The NACA 0018 is listed as having somewhat lower drag vs the 0021; it appears they are the same shape only reproportioned e.g. 0018 is 18% as thick as it is long while the 0021 is 21% w/l. Here is the 0018 fattened 2x:


And they look like this template:


NOW, bear in mind that these airfoil profiles are 2-D. I came across this (slightly edited by me here):

Quote:
There's a difference between the flow around a two-dimensional cylinder and the flow around an axisymmetric form. The whole point of shaping an airfoil or a form is to manipulate the boundary layer through the pressure distribution along each surface streamline. Using an airfoil section for a 3-D form profile will not give you the design pressures or the desired boundary layer development.

Alex Strojnick, in his book, "Laminar Aircraft Technologies" (published by the author, now deceased), recommends taking airfoil coordinates to the 3/2 power (and scaling to the original thickness) to use them as templates for bodies of revolution. The result will be a more pointed shape than the corresponding 2D airfoil profile. For example, the figure below shows the NACA 66-021 section converted to an axisymmetric profile using Strojnick's technique. This resembles a Parson's low drag body shape, although Parson designed his bodies using a CFD analysis code and an optimization technique (Parson, J. S, Godson, R. E, Goldschmied, F.R., "Shaping of Axisymmetric Bodies for Minimum Drag in Incompressible Flow", Journal of Hydronautics, July 1967.)

The finest source of info on body shaping that I've seen is Bruce Carmichael's "Personal Aircraft Drag Reduction" (published by the author, 1995, mailto:brucecar1@juno.com; reviewed at http://www89.pair.com/techinfo/Books/bookrev.htm). Carmichael did pioneering research on low-drag bodies in water and came up with the Dolphin and SHAMU vehicle shapes. These bodies were designed in the 1960's for high speed towed sonar systems. It's possible to have quite low drag with bodies that have a fineness ratio as low as 3. There is extensive theoretical and experimental data on low drag bodies of several kinds presented in his book.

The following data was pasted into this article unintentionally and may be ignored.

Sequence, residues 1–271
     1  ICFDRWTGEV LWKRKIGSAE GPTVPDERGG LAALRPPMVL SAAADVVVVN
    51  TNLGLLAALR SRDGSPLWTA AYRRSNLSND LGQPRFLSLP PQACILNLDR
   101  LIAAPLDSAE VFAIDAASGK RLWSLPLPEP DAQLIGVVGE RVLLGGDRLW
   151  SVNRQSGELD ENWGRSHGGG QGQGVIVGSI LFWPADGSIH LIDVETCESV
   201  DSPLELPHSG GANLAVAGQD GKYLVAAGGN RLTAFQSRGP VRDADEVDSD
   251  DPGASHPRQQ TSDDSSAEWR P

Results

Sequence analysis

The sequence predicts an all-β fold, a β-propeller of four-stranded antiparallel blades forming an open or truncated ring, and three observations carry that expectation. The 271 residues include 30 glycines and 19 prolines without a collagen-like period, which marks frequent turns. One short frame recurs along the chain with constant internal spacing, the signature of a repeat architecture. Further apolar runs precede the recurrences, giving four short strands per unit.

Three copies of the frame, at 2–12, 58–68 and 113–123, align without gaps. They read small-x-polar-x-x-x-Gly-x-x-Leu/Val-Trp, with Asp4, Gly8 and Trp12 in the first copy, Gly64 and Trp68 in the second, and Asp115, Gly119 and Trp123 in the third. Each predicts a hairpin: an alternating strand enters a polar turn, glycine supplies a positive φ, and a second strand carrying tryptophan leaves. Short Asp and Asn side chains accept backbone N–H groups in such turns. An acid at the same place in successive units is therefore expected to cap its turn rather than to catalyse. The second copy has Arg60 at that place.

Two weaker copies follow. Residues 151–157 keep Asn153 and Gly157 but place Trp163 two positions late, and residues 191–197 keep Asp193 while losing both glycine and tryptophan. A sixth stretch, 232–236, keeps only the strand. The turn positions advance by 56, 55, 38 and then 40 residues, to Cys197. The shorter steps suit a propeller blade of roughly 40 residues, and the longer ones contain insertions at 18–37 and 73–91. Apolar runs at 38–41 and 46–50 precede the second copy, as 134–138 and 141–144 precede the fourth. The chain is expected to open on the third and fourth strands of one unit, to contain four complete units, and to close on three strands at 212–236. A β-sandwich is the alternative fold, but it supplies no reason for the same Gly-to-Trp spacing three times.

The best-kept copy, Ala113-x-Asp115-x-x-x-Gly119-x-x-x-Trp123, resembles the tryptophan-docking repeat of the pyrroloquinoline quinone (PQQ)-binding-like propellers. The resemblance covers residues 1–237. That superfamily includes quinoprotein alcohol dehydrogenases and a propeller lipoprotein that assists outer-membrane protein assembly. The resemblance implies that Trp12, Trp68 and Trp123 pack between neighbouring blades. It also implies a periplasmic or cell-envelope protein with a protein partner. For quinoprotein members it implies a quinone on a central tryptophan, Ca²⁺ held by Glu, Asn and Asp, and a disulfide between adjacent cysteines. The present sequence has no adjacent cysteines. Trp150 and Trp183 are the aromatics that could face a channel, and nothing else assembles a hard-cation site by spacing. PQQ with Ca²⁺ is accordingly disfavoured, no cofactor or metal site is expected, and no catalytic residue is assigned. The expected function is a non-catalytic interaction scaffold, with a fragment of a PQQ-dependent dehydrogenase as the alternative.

The NACA 0018 reproportioned as above:
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Old 02-14-2011, 06:26 PM   #108 (permalink)
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template alignment

Quote:
Originally Posted by cfg83 View Post
RobertSmalls -



But isn't the apex or center of camber effected by where the downslope of the overlay touches the rear roofline of the car? :



I have been thinking that this would make a great Ecomodder iPhone app. The user provides a good side view of the car, inputs the ground and the apex of the car, let the app auto-scale the overlay, and then slide the overlay from side-to-side with your fingers.

I doubt there'd be any $ to be made, but it would be good advertising for EM.

CarloSW2
*The subject vehicle will have a point of maximum roof camber and that's a fixed point,it's not negotiable.
* The template has its zero-point or maximum roof camber and it's a fixed point and cannot be moved.
* If the two images are scaled such that the height of their max roof camber points are identical and then aligned together,this is the only condition in which the template can function.The template cannot function with any other alignment.